Number three, find a way this week to be kind to yourself. Now, I know what you guy are going to say. "I don't know how. What would I do? I can't think of anything." Listen, I know that every single one of you listening knows how to extend kindness and love and caring and compassion and acceptance towards a friend. You know how to do this. so think of what you would do for a friend, choose something, and then try doing it for yourself.


It will require that you step outside of your comfort zone. But stepping outside of your comfort zone is a necessary ingredient if you want to start loving yourself and caring about yourself, and talking to yourself in a way that you would talk to a friend. We talk to ourselves in ways that are so unkind. I had a client say this to me recently, and it was so spot on. She said, "You know, if I talk to my friends the way I speak to myself, I wouldn't have any friends." And it's so true.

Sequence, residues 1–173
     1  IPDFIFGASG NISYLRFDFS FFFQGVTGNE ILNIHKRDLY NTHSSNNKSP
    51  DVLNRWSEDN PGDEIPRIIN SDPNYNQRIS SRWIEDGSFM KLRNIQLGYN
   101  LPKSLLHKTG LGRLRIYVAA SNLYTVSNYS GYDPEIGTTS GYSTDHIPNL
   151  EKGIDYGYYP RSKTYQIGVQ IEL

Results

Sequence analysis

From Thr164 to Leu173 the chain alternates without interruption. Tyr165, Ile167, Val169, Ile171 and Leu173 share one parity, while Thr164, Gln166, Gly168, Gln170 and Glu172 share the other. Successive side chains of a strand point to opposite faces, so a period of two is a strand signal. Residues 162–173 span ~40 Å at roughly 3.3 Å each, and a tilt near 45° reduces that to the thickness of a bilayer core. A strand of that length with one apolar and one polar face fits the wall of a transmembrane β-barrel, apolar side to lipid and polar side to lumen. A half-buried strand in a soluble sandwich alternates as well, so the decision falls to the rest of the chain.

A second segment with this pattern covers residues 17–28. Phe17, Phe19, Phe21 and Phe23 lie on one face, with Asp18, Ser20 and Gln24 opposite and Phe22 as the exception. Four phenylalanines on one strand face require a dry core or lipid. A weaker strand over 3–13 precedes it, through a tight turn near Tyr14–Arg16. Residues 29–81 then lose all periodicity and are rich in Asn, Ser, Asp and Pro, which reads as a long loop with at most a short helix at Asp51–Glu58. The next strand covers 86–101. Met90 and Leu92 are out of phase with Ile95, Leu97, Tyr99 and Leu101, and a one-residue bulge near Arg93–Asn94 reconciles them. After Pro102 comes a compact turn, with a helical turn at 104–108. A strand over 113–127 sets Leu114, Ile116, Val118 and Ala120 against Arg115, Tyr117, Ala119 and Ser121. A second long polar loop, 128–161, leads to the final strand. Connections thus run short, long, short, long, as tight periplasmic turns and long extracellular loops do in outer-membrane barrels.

So I want you to find something you can do for yourself that is kind, and compassionate, and caring, and loving. It doesn't have to be sending a Valentine to yourself, it can be anything. But I want you to challenge yourself to do something that might make you feel a little sheepish, that might bring up some thoughts that have you feeling a little awkward. That's okay, that's how you're going to start to change this. Because if you are always fixated on what other's think of you, unwinding your habit of drinking is going to be so incredibly difficult, because you will always try, you will always be focused on making choices that you think will make other people happy. You have to start treating yourself like you matter the most.